# Electromagnets

We defined POWER as the RATE of doing work. The actual work or capacity to do work is called ENERGY . Energy can be Kinetic (dynamic), Potential (static), or Radiant (electromagnetic) in nature. Energy, according physical law of "Conservation of Energy", is never lost nor gained. It may be changed from one form to another, but it never just "disappears". Just like in our resistor, we had energy being used which was dissipated as heat. The electrical energy was transformed into heat energy. It didn't disappear, it merely changed form. There are many other forms of energy. Some other forms of energy are light, sound, momentum, and MAGNETISM .

We are all familiar with magnets, and their peculiar properties which make them seem almost magical. A magnet can be used to hold a screw onto a screwdriver, to lift a car, or find your way in the forest. But what is it that makes a magnet do what it does?

If we take a magnet, and mark one end of it, we can identify one end from the other. If we then suspend the magnet from a string, so that it is free to rotate, we will notice that one end will ALWAYS point toward the north, and that it will ALWAYS be the same end of the magnet that points north.

From this, we have concluded that there is a NORTH POLE and a SOUTH POLE on every magnet. Typically the north pole is marked with an N, and south pole is marked with an S.

Now if we take two magnets with known, marked poles, and bring the North Pole of one magnet close to the South Pole of the second magnet, the two magnets will PULL TOWARD one another until they are connected. If we reverse the experiment, and bring the North Pole of one magnet, near the North Pole of the second magnet, they will PUSH AWAY from each other. This effect is called the LAW OF POLES which states:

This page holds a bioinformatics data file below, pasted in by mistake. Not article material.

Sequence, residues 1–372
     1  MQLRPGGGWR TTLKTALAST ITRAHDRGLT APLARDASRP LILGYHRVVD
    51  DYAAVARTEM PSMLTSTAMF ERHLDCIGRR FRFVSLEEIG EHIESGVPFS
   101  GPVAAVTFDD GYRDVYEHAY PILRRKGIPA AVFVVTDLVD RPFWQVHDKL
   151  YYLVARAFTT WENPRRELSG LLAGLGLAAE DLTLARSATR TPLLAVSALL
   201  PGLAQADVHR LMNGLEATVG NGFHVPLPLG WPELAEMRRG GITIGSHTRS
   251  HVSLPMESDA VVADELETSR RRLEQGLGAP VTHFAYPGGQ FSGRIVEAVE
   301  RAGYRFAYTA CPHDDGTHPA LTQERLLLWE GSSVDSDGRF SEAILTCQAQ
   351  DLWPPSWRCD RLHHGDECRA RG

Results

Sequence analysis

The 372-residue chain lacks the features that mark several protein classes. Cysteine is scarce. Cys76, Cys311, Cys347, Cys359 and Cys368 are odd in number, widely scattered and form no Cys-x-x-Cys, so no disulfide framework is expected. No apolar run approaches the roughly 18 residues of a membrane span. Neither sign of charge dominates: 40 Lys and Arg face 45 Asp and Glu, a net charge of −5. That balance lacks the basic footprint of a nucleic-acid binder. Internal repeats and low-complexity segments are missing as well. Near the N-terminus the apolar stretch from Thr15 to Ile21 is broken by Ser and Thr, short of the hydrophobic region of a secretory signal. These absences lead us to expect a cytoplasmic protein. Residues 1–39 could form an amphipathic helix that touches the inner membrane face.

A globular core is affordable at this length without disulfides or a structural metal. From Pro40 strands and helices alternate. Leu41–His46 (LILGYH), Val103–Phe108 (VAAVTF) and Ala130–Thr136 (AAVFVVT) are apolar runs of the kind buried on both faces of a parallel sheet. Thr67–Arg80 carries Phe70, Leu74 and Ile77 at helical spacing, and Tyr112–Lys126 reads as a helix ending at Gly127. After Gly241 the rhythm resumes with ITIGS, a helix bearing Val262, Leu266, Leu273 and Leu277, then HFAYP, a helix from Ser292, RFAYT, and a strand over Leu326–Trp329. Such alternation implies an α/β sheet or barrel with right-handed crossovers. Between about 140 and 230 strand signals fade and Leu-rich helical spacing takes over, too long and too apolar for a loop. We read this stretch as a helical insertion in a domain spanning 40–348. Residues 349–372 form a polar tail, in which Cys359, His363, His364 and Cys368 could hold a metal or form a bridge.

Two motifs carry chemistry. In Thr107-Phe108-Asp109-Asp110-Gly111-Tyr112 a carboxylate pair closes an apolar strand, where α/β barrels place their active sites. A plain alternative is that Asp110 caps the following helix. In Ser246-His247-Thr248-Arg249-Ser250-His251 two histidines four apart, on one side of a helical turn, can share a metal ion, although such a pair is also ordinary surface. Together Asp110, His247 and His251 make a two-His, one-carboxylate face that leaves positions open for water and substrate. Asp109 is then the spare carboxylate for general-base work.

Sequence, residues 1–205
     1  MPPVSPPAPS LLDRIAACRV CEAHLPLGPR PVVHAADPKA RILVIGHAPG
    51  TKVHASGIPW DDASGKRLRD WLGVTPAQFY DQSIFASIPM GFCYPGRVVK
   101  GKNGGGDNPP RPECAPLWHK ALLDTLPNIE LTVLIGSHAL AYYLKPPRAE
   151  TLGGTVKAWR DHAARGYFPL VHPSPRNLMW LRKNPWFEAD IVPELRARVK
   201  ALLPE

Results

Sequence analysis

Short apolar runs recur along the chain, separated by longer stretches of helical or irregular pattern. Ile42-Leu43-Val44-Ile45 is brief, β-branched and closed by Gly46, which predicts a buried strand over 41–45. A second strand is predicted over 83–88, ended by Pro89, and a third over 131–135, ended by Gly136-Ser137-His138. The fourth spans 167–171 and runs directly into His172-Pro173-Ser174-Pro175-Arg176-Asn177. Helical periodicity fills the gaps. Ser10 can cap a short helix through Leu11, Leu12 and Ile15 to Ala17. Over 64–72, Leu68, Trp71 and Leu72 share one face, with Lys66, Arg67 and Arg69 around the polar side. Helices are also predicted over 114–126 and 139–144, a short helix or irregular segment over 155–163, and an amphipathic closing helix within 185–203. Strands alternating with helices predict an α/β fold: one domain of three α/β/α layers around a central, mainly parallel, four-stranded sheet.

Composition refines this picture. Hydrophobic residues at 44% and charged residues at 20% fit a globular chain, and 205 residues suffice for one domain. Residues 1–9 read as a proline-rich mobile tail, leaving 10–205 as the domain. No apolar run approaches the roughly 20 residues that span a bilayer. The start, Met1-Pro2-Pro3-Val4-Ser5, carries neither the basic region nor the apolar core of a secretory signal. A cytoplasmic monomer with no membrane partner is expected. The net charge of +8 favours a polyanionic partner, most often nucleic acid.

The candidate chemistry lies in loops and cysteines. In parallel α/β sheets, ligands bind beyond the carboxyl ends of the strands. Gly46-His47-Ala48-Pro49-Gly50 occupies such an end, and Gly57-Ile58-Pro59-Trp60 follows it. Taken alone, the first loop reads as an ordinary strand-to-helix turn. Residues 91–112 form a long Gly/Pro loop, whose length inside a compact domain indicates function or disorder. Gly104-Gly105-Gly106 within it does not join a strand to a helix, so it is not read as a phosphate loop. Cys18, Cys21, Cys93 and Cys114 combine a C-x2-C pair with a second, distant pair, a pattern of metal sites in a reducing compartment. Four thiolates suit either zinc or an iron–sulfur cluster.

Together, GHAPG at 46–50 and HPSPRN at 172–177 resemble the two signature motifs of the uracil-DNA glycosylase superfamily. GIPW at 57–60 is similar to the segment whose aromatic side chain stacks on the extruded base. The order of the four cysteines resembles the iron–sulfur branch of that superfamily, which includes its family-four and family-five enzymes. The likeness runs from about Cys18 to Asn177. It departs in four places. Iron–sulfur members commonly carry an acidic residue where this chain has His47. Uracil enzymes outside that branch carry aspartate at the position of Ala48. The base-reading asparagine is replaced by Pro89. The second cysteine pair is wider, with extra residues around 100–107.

OPPOSITE POLES ATTRACT each other, whereas LIKE POLES REPEL each other.

Why is it that magnets act this way? And why do magnets have poles? These are questions which science has found difficult to answer. It is believed, though, that according to the Molecular Theory of Magnetism inside of all magnets, the tiny molecules that the magnet are made of, are all little tiny magnets in themselves, and that they are all lined up in a row.

In a normal piece of steel, for instance, the molecules are arranged in random order, with positive and negative poles scattered about in all directions.
But when magnetized, the tiny magnetic molecules line up, allowing the whole piece of steel to act like one big magnet.

If we place a magnet beneath a piece of paper, and place iron filings on top of the piece of paper, the result would look something like the example to the right. The iron filings will arrange themselves to LOOK like the invisible magnetic force which surrounds the magnet. This invisible magnetic force which exists in the air or space around the magnet, is known as a MAGNETIC FIELD , and the lines are called MAGNETIC LINES OF FORCE .
Now if we take a non-magnetic object, such as a glass rod, and place it within the path of a magnetic field, the lines of force produced by the field would pass right through the object.

If, however, we wrap a magnetically conductive layer around the object, such as a soft iron, the iron will cause the lines of force to bend, and go around the object instead of through it. This is called a SHIELDING effect.
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